The Lost Room is a great, relatively unknown, sci-fi tv
mini-series. It is relatively unknown for a reason: the Sci Fi
Channel pulled the plug after just six episodes. Their decision is baffling from an artistic point of view.
The Lost Room is quite simply the most absorbing and intriguing television mini-series I can recall ever seeing. Normally, I am not one to watch much television - indeed, I avoid it as much as I can - but, on borrowing the DVD for The Lost Room mini-series from our local video store, I found myself enchanted by a most unusual storyline.
The Lost Room relates the tale of a strange event that brings many indestructible, everyday objects with magical powers into being. The story sets up a mystery as to where these objects come from and what they do. One key object to the tale is, well, a key, that opens any door, onto a motel room in a parallel universe. From this parallel universe, the key bearer, can re-enter our world, at any location, through any door. It is, if you like, a modified teleportation
The central character in the Lost Room is Detective Joe Miller, a homicide detective, who stumbles into this strange world of bizarre objects and the shadowy organizations that hunt them down, while investigating a murder. His life becomes decidedly strange overnight, filled with unexpected occurrences and magical happenings. Though played in a low key fashion, Peter Krause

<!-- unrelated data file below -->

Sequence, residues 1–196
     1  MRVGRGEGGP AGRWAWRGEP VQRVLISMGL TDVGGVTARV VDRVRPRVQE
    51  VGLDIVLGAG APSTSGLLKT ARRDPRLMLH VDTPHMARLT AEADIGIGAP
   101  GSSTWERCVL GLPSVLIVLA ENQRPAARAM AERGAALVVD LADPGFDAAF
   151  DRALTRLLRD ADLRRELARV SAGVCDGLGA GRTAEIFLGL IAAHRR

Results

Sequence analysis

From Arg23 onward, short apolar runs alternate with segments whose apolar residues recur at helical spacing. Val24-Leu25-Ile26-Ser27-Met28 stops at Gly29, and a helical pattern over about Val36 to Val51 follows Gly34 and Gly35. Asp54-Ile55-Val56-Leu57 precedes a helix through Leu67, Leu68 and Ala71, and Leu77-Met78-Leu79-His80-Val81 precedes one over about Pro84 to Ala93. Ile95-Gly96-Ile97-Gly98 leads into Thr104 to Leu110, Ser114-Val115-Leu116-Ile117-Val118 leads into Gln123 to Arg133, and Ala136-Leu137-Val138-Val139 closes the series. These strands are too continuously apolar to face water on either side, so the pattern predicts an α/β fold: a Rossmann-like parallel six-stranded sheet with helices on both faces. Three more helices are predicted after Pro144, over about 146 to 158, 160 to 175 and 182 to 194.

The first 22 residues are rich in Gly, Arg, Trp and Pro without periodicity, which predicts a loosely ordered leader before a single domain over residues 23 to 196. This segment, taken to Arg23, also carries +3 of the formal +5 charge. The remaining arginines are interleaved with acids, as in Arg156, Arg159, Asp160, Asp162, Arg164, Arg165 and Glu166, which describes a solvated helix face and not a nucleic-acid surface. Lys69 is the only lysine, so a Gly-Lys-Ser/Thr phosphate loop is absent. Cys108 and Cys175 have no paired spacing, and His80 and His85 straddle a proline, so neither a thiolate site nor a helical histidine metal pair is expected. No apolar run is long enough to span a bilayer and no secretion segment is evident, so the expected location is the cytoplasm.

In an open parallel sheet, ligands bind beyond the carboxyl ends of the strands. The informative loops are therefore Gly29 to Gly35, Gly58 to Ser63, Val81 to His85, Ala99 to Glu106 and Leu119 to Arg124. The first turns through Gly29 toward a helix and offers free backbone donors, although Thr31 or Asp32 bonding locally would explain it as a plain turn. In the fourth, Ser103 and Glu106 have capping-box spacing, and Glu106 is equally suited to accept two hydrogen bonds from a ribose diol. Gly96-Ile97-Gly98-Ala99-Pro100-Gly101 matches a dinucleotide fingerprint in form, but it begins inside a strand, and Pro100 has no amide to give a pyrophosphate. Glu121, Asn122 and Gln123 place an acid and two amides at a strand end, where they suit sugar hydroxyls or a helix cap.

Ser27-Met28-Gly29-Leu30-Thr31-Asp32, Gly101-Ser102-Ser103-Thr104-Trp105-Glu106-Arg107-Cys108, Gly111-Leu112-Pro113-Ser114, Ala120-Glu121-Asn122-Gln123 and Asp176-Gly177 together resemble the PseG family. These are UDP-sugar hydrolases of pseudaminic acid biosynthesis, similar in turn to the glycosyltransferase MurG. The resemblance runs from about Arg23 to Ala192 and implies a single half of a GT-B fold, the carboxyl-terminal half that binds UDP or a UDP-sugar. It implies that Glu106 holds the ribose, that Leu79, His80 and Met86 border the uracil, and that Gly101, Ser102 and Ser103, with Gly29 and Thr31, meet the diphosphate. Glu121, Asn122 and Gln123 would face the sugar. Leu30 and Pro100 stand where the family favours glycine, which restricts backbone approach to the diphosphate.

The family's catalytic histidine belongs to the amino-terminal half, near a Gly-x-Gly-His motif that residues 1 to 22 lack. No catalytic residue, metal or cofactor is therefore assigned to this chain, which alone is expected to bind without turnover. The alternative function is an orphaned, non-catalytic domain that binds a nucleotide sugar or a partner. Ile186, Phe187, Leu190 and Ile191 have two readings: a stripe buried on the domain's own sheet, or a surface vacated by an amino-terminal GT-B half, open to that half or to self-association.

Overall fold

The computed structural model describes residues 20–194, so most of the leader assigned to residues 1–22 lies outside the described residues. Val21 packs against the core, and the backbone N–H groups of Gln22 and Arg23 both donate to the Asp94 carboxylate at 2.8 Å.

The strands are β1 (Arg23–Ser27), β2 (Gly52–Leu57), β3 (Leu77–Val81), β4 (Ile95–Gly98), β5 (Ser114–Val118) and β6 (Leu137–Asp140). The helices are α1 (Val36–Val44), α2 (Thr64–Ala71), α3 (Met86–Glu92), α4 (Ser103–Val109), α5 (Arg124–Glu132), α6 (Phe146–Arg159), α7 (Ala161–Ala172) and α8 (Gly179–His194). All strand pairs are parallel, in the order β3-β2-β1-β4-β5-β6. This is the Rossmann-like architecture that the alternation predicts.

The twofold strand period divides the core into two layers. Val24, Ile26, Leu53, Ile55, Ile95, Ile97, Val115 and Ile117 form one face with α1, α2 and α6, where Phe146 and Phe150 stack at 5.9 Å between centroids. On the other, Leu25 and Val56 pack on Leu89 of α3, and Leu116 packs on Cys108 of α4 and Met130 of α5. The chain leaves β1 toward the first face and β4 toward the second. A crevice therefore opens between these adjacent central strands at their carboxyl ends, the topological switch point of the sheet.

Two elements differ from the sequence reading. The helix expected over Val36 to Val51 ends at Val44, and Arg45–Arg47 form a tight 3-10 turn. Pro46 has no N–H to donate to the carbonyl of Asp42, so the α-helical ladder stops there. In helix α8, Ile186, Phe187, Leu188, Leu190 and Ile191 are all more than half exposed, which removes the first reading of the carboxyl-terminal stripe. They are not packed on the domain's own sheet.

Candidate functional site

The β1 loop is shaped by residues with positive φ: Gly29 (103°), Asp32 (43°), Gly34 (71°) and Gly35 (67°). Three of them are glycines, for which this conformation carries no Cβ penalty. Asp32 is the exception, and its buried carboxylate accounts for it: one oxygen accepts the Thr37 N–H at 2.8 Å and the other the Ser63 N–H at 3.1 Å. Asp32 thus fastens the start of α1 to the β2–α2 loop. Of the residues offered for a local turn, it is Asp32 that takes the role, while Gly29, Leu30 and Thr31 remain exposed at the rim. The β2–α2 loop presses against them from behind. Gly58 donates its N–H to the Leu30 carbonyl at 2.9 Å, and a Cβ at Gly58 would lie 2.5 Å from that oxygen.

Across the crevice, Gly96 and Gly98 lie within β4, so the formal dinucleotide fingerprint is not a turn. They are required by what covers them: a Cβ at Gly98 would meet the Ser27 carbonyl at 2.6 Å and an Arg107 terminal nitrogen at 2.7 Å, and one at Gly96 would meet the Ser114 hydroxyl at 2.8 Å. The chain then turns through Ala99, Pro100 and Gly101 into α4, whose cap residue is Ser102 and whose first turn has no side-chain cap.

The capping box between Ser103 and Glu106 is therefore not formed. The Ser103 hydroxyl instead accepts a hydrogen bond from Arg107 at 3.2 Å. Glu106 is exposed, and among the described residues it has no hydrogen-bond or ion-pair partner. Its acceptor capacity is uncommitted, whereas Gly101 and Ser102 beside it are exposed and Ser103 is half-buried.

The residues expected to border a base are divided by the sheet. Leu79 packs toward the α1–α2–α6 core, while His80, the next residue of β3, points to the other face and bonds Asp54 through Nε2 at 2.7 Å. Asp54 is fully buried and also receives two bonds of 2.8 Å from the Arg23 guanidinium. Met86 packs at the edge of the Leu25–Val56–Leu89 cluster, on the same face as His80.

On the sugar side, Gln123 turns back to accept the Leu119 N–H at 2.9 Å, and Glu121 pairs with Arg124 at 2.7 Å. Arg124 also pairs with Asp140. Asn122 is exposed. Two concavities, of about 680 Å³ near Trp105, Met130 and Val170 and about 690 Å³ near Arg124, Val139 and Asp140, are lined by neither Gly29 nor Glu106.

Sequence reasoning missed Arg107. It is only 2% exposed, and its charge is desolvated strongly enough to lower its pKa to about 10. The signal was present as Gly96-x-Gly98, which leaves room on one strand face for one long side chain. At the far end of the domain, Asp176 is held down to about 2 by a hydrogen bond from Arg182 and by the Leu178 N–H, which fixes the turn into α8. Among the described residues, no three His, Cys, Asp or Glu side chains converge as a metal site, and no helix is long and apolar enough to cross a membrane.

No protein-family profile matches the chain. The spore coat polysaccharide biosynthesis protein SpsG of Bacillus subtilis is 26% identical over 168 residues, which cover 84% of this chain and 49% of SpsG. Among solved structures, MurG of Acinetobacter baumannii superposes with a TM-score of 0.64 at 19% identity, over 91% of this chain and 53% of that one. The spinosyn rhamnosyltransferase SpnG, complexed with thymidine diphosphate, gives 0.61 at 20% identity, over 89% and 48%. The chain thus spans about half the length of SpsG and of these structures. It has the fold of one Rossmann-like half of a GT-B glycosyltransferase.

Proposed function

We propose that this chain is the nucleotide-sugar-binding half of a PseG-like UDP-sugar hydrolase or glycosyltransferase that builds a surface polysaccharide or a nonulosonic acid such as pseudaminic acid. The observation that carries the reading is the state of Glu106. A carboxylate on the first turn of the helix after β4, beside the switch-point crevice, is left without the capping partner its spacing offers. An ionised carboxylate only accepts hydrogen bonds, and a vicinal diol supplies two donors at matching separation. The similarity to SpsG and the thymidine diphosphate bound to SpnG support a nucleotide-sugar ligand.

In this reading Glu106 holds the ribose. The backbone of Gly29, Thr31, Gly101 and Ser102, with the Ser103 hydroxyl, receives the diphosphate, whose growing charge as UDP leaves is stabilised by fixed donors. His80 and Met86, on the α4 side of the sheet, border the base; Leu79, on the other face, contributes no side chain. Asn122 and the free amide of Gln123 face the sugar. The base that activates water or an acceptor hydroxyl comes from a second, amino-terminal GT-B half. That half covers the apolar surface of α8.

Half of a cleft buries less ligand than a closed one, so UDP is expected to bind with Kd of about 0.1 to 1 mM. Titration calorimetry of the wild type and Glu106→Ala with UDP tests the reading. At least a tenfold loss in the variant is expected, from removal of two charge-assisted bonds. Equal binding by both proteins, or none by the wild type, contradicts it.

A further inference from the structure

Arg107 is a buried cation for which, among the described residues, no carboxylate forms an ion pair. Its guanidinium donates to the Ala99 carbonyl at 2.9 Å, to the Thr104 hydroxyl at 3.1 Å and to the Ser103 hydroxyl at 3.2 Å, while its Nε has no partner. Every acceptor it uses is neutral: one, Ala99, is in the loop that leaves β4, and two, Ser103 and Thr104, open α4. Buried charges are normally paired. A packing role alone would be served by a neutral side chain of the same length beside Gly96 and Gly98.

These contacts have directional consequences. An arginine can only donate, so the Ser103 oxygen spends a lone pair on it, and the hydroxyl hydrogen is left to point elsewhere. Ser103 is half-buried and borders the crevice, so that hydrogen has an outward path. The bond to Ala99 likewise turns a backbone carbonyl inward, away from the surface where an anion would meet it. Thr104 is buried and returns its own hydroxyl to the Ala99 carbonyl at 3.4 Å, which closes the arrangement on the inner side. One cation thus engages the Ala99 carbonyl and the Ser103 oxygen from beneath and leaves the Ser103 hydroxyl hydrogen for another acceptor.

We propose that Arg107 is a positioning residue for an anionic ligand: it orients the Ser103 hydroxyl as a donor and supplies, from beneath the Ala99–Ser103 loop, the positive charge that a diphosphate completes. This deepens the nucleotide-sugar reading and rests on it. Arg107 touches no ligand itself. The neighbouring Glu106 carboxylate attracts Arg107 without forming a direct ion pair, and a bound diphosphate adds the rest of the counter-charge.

, (Nate Fisher from Six Feet Under) makes the lead character sympathetic for the audience and draws us into his world, his situation and his dilemmas. It is interesting to see how an otherwise ordinary, but fairly intelligent man, copes with his world suddenly being transformed into one where strange powers abound.
I found the whole show spellbinding - oddly compulsive viewing. The story has about it the peculiarity that makes for cult following. It is the sort of show that people remember many years later and talk about and debate with each other, for long months afterwards. It is, in a word, a show with depths. Yet there is the problem, I feel. We live in a time in which anything with depth is likely to be scorned and shunned. These are shallow days in which Mankind becomes ever more trivial in heart and mind, outlook and occupation. This is, I feel, the explanation for something unexpected about this show: the internet
is filled with people raving about how wonderful the Lost Room was, there are many thousands of fans writing the most awed of reviews of it - yet, the ratings in its first showing were poor. How is this so?